March 2, 2017 | by Caryn Turgeon

A Closer Look Into A Peace Room


Alyssa, pictured here in the Peace Room, meets for a daily check-in with one of Foundations' students. 

This week we visited Alyssa Yokota-Lewis, Umoja Restorative Justice Specialist, at Foundations College Preparatory in Chicago’s Roseland neighborhood.

Foundations College Prep is a new partner for Umoja and the first middle school partner since we began working in Chicago public schools in 1997. Alyssa runs the Peace Room and partners with teachers and staff to incorporate restorative justice practices into the school.

Here is what Alyssa had to say about how the Peace Room positively influences the community at Foundations...

“Foundations is a sixth-through-ninth-grade school. It is a small school and that means everyone has a little bit more access to each other. Foundations wanted the Peace Room because they really believe in the ideas of restorative justice and wanted to implement restorative conversations specifically across staff members. We established the partnership this fall and created the space to establish what the community wanted through conversations we all had together.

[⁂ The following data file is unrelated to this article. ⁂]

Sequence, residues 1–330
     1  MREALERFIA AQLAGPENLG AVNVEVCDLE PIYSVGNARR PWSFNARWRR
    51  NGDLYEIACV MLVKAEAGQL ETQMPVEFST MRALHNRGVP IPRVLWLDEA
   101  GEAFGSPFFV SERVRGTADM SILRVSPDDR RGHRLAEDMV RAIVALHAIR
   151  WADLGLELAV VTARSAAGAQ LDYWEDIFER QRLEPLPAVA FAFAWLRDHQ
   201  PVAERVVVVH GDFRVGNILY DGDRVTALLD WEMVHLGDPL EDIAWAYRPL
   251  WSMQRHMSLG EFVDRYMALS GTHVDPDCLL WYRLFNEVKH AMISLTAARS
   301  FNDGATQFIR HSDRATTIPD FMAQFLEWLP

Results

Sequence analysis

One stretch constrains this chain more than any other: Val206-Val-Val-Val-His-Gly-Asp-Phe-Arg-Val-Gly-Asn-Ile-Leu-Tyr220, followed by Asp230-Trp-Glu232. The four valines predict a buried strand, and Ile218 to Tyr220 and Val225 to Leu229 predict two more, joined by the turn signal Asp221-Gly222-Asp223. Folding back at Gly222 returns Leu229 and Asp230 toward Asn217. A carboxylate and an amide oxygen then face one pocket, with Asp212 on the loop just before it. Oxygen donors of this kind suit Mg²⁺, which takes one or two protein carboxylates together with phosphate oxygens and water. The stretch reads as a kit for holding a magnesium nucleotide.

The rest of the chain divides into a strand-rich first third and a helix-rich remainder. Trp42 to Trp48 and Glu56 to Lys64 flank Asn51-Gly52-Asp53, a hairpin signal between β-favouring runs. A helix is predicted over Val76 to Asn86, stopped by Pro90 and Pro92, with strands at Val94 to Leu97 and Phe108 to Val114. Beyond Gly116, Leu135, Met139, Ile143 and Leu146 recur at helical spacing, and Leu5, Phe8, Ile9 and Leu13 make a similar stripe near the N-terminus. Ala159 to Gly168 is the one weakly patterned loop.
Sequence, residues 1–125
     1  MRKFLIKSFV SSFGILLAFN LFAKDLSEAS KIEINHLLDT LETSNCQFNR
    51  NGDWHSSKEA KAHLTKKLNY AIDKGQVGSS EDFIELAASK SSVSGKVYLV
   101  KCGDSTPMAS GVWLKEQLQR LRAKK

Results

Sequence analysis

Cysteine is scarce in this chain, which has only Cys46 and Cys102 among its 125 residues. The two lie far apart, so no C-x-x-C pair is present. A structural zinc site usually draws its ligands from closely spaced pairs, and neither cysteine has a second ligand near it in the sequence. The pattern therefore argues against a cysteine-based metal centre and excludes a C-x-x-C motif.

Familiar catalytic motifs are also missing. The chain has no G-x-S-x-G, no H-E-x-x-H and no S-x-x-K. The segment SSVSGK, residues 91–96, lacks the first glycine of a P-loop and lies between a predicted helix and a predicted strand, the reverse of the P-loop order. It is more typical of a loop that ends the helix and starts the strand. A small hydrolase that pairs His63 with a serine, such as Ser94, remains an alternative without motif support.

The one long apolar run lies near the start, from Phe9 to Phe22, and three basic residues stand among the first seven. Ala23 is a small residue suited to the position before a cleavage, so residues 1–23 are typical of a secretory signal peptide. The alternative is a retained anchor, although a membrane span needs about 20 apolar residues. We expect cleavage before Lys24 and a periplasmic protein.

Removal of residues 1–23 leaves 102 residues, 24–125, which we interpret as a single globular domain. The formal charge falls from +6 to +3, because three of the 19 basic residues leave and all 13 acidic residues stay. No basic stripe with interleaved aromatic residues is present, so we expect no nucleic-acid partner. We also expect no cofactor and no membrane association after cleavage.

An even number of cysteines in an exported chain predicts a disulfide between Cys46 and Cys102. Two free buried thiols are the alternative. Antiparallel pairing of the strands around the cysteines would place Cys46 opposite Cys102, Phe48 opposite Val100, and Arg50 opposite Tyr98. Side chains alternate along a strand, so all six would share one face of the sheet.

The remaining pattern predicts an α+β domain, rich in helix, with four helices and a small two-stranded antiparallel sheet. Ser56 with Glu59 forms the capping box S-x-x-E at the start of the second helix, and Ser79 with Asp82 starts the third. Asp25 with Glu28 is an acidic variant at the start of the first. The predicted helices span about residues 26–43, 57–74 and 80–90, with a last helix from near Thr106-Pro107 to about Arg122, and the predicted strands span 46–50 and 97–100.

What the Peace Room has brought to the school and this community is just an alternative way to deal with ‘drama,’ as the kids would say. A lot of them will come to me and say, ‘I’ve got a conflict, Ms. Y.’ or ‘I got this thing going on and I need to talk to you.’ It has not yet come to some other serious situation, but it does still distract them from school because they are thinking about it and are preoccupied with it. Both the students and the staff widely recognize this space as the time to be reactive to the conflict but proactive to the fighting. 

The Peace Room has just begun to increase awareness that there is an earlier stage in which we can respond to issues before the fight happens. For many students, it is not clear. For many of them, the issue is ‘Well, something happened and I don’t like it, so we’re just not friends anymore. We’re not cool and we don’t talk.’ Students can begin to isolate themselves emotionally because they have not had conversations to address the conflict that is happening in order to build relationships. I love the work because there is a lot of that here at Foundations. The students want to build relationships. We have had many Peace Circles and very few of the conflicts that have come to a Peace Circle have resurfaced. Actually, off the top of my head, only maybe two."